Code S RO32 - Group H Preview:by Ziggy
Zest, Patience, aLive, Rogue
Tensions are high as players are set to contend for the two remaining spots in the Code S RO16.
If recent results are to be believed, Zest and Rogue should have no trouble advancing to the next round of the GSL. All four contenders in Group H took part in the recent TeamLiquid Map Contest Tournament, but it was Zest and Rogue who reached the grand finals to slug it out in a best-of-nine slobber-knocker. The $1,200 grand prize ended up going to Zest, who triumphed by a narrow 5-4 scoreline (VOD on Twitch). Though neither finalist had a particular clean run—both dropped maps left and right—they were considerably better showings than groupmates Patience (top 16) and aLive (top 12) who were eliminated much earlier in the tourney.
Looking back at Zest's career, he hasn't quite returned to his peak form of being considered the best Protoss—if not best player regardless of race—in the world both in 2014 and in 2016. Despite a semi-final finish and an appearance in one of the GSL finals in 2018, we know that he's capable of being a better player than one who gets thrashed 0-4 in the finals. A return to glory would undoubtedly by received warmly by old and new StarCraft II fans alike. Given his form so far in 2019, another high finish is certainly on the table for Zest. Well, as long as he doesn't end up facing Maru.
A member of Jin Air Green Wings—the last remaining KeSPA team still investing in StarCraft II—Rogue is under a lot of pressure to perform well at any given time. With any lapse in consistency heavily scrutinized by the community, Rogue's competitive pedigree leaves very little room for error. After a strong 2017 where the Jin Air player rose to stardom by winning BlizzCon, Rogue backed up his Global Champion billing by winning IEM Katowice early in 2018. However, despite that fantastic result, Rogue received just as much criticism as praise in 2018. Most importantly, he was unable to end his GSL jinx, failing to advance past the quarterfinals of any Korean event.
Foreign Terrans would have us believe that their race has once again been targeted by a slew of nerfs, playing the martyr card any time Terran representatives fail to deliver in tournaments. No one seems to have let the Koreans know, however, as the Round of 16 of the current season of the GSL is dominated by Terrans (albeit, ever so slightly). Six of the RO16 spots have been claimed by Terrans, and aLive has a chance to make it seven. Although his level of play can't necessarily be equated to that of TY, Maru, or INnoVation, Korean Terran blood does run in his veins. Having said that, it is worth mentioning aLive historically has a negative head-to-head scoreline against each and every potential opponent in Group H: 49-25 in favour of Zest, 32-20 with Rogue in the lead, and even Patience holding an 18-15 lead.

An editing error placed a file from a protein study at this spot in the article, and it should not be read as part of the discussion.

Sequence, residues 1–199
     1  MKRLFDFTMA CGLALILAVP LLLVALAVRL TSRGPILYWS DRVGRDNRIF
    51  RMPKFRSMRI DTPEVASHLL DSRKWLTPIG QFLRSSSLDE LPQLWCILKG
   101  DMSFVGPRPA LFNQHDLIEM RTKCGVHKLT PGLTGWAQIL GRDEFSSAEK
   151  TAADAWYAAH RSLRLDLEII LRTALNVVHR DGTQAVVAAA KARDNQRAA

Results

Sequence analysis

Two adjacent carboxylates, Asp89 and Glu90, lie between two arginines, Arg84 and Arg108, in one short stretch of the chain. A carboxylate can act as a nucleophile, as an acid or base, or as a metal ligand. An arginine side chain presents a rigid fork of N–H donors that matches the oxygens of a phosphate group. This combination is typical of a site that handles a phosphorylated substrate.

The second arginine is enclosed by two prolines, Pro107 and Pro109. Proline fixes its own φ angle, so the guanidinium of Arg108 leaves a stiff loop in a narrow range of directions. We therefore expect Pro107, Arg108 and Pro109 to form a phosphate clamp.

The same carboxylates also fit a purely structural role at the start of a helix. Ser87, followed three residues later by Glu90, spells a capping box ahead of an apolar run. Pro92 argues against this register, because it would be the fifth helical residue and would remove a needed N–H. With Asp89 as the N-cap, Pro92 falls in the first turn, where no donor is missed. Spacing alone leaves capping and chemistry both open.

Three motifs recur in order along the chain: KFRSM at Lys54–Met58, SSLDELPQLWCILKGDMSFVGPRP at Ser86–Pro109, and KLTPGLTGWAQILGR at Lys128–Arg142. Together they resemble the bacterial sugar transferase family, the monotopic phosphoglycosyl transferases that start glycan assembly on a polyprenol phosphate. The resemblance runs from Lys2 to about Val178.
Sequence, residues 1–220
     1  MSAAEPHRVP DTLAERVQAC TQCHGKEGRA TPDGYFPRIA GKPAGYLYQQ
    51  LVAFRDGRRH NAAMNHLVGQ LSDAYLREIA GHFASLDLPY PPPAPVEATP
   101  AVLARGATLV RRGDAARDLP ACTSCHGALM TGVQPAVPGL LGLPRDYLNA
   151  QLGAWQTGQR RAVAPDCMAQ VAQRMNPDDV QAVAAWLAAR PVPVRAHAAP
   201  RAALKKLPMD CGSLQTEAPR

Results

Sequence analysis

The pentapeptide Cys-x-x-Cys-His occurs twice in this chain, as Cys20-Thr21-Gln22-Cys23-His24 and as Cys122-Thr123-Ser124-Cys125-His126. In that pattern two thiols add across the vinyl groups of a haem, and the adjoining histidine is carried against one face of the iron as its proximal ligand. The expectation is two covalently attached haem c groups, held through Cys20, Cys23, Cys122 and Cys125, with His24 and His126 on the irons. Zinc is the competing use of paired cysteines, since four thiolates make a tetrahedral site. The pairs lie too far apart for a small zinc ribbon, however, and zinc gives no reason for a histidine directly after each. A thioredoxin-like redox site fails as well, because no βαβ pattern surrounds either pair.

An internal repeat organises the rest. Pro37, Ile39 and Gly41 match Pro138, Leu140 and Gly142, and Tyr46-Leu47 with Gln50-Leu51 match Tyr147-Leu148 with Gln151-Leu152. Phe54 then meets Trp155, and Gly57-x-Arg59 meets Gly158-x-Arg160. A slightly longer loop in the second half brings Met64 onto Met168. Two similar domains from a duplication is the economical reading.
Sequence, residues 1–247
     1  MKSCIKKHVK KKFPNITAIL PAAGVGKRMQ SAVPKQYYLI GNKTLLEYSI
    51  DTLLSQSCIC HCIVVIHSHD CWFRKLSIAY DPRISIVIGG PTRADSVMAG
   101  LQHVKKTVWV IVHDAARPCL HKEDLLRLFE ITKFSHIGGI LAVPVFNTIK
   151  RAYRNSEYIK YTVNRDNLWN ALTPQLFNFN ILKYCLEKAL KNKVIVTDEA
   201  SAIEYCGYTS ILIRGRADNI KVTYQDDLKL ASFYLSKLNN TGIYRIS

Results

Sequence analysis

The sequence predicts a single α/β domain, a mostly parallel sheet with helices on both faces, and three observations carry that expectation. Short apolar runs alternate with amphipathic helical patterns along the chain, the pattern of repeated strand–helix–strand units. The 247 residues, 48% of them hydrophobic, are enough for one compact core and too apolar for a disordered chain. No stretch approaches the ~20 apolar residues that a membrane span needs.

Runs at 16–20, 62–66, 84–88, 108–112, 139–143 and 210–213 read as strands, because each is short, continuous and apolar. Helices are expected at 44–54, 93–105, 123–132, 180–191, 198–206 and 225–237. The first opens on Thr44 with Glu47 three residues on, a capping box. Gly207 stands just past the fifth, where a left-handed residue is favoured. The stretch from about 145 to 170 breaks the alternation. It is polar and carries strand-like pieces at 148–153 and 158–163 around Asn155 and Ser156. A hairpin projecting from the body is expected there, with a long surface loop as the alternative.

Patience hasn't played in a major live event since last June, when he traveled to Krefeld to partake in the consumption of alcoholic beverages, eat some late-night kebab, and possibly to enjoy a bit of classic computer gaming at HomeStory Cup. Relatively active in sundry online cups, he hasn't quite found much success in domestic competitions. Flashes of brilliance abroad have allowed him to stay somewhat relevant on the Korean scene, although more often than not he's regarded as nothing more than a punching bag. And yet, he was indeed brilliant to start the year, beating the likes of Dear, Trap and soO to qualify for IEM Katowice. With no notable placements in premier tournaments since late 2016, a deep run in the Code S would be a welcome change of course.
Zest > Patience
aLive < Rogue
Zest > Rogue
Patience > aLive
Rogue > Patience
Zest and Rogue to advance to the Round of 16.